It's been a tough go for stocks in 2022. Inflation is stubbornly high, and the Federal Reserve has been aggressively raising interest rates in its efforts to bring it down. Since March, the Fed has hiked the benchmark federal funds rate from essentially zero to over 3%, -- the fastest it has boosted rates in decades.
The asset volatility that those rate increases have triggered has hit fintechs particularly hard. The ARK Fintech Innovation ETF is down by more than 70% since November 2022.
Helping consumers roll up credit card debts into personal loans
People who rack up big credit card balances at high interest rates can turn to LendingClub to consolidate those debts into a single, lower-interest loan. Founded in 2006, the company began as a peer-to-peer lending platform. But in 2016, it came under regulatory scrutiny for its lending practices. After an internal probe, its chief executive officer stepped down, the stock price tumbled, and it didn't rebound for years.
Since then, though, the company has revamped its business, focusing on serving high-quality credit card borrowers who want to consolidate their debts using personal loans. In 2021, it acquired Radius Bancorp, giving it a low-cost source of deposits to help fund its loans. The move also gave it a banking charter, which allows LendingClub to hold loans on its books -- and collect interest income from them -- rather than selling them. CEO Scott Sanborn said that the loans it holds will, over time, be three times as profitable for the company as the ones it sells.
LendingClub's growth is impressive
LendingClub has made personal loans for nearly 16 years now. During that time, it has built a database of lending information that it can leverage with technology and machine learning to extend loans to the highest-quality borrowers.
The company looks to hold onto 15% to 25% of the total loans it makes. In the second quarter, LendingClub's held-for-investment loan portfolio consisted of prime credit borrowers with an average FICO score of 730. Delinquencies were also below pre-pandemic levels -- a sign that the company's stellar credit quality remains intact.
Its revenue increased 61% in the second quarter to $330 million, while net interest income rose 153% to $116 million. Net income grew by an impressive 346% from the prior quarter to $182 million, and an eye-popping 1,837% from the same quarter last year.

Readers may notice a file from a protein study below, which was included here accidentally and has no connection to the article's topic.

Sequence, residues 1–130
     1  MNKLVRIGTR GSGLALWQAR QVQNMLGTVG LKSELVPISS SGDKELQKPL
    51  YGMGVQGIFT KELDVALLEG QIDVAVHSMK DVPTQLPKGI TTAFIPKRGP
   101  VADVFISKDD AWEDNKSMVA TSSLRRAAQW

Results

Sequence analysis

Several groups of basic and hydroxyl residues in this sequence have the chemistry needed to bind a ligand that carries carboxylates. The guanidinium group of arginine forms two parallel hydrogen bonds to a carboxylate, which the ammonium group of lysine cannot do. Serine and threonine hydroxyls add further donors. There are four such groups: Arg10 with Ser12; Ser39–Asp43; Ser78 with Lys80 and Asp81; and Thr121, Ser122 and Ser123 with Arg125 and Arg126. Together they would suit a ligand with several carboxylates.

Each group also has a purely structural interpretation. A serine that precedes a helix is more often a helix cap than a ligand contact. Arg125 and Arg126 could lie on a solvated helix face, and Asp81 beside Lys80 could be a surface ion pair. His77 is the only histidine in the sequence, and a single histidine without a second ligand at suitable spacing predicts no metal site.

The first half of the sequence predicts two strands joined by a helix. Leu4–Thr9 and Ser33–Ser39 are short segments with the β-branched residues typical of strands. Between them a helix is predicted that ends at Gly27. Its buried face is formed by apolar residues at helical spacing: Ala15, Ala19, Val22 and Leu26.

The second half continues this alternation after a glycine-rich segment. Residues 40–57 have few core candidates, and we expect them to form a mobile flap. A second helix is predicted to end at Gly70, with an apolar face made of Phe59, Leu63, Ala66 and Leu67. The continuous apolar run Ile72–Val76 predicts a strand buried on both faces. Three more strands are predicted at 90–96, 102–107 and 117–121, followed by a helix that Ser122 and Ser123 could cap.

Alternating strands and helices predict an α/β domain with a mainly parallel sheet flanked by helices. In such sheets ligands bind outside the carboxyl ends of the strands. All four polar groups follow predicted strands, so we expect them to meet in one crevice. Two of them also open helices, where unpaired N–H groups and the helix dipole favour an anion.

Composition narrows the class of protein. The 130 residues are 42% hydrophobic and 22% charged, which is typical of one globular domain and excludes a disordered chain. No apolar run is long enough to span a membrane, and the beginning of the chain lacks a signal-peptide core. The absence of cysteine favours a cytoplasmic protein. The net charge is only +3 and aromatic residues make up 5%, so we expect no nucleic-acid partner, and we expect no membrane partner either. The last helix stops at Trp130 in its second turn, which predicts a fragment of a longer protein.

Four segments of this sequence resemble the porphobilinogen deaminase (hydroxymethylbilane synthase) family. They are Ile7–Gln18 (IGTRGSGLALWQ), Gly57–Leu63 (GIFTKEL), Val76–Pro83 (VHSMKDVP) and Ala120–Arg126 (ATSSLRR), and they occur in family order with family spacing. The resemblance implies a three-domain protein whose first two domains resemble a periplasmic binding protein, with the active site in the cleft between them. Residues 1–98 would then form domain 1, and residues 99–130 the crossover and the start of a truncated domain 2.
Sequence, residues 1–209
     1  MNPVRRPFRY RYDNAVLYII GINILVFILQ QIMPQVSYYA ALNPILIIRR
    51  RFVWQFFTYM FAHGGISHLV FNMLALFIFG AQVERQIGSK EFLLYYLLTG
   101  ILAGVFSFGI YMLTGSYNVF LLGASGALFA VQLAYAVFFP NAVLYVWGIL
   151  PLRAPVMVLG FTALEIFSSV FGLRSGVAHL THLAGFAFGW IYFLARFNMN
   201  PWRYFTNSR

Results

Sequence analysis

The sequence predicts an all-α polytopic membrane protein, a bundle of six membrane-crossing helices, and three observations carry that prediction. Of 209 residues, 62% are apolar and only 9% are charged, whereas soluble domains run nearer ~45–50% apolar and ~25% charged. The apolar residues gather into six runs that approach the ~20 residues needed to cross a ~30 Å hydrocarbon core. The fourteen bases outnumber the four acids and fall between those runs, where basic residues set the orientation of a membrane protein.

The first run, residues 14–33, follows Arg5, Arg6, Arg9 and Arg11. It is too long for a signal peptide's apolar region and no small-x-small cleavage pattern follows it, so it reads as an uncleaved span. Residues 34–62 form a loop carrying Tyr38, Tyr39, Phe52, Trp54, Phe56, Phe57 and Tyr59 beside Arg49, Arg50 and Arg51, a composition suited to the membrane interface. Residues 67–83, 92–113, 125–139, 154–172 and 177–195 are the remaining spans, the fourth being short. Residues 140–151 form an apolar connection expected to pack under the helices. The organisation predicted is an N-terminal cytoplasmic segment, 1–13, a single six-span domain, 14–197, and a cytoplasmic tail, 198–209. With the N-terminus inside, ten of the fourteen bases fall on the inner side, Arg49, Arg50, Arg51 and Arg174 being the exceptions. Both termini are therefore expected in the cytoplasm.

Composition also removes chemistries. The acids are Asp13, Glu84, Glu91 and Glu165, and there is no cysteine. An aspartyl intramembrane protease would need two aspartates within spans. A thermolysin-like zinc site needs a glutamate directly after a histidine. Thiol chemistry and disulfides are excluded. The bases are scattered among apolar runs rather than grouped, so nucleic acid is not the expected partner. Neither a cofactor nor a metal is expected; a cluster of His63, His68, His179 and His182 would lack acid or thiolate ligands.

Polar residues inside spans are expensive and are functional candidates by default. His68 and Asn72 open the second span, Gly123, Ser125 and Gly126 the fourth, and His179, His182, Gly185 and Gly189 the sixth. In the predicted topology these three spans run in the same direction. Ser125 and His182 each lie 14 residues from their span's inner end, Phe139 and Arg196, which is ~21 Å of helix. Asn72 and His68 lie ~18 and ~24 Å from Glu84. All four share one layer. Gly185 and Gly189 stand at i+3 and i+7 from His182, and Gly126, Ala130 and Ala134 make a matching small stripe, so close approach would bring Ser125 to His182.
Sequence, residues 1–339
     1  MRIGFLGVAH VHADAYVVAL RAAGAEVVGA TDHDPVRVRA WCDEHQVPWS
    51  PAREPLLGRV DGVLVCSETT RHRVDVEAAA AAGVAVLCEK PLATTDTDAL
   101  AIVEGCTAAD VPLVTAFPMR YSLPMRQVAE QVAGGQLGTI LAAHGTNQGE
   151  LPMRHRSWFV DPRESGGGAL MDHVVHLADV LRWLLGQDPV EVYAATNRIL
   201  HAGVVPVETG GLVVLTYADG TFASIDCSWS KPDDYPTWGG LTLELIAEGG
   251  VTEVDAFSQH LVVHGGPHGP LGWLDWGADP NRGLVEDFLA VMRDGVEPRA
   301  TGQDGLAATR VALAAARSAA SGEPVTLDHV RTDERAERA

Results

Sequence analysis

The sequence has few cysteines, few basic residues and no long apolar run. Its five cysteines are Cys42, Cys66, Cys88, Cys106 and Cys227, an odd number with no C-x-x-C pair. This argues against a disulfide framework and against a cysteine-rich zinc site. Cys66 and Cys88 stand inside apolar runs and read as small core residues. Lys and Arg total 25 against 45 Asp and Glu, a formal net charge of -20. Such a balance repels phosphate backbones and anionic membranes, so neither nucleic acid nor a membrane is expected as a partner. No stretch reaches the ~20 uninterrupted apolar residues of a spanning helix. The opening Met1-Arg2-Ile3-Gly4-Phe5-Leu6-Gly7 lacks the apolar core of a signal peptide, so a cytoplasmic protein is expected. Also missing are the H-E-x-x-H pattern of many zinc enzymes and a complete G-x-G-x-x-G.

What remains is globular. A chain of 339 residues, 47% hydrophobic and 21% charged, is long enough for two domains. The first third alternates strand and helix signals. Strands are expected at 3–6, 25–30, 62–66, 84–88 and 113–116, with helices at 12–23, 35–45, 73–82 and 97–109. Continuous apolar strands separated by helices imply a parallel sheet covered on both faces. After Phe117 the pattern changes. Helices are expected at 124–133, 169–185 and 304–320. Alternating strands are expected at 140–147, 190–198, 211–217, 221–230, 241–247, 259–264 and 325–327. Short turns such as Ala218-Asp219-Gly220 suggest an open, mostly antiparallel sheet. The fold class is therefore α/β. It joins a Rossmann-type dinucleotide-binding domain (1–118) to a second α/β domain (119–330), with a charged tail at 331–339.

Consumer lenders have this headwind to deal with in the short term
Many consumer lending fintechs rely on capital markets to buy the loans they make -- as LendingClub had to before it bought Radius. This creates problems for them when investors' appetites for risk diminishes. (Lending player Upstart Holdings is currently experiencing just those sorts of issues.)
Rising interest rates could present headwinds for companies that package and sell loans in the market -- and while LendingClub now holds some of its loans, it still packages and sells three-quarters of them. It could be forced to reduce the sale price of these loans to satisfy investors' yield expectations, which have risen due to higher interest rates. This, coupled with a slowing economy, could reduce LendingClub's revenue from loan originations.
That's why its ownership of a banking charter is so important. LendingClub could choose to hold more loans on its books if it doesn't find willing buyers in the marketplace. Also, its stream of revenue from interest could help smooth out its top line.
Rising credit card balances present an opportunity for the fintech
LendingClub expects third-quarter revenue of between $280 million and $300 million, and net income in the range of $30 million to $40 million. That would be a step down from its second-quarter results, and reflects the uncertainty in the marketplace for its loans. However, the company has achieved positive operating income for five consecutive quarters, and that pattern should continue when it announces its third-quarter earnings.
LendingClub faces short-term business headwinds due to economic uncertainty. However, its focus on customers who are consolidating credit card debt could make this a stellar stock to buy before the bear market ends. According to the Federal Reserve Bank of New York, Americans held $887 billion in credit card debt as of the end of the second quarter -- up $46 billion from three months prior. Rising credit card balances and higher interest rates on those balances will make LendingClub's refinancing services more appealing.
With a one-year-forward price-to-earnings ratio of 7 and a price-to-tangible-book-value of 1.2, LendingClub's stock has a margin for safety and could be an excellent value buy today.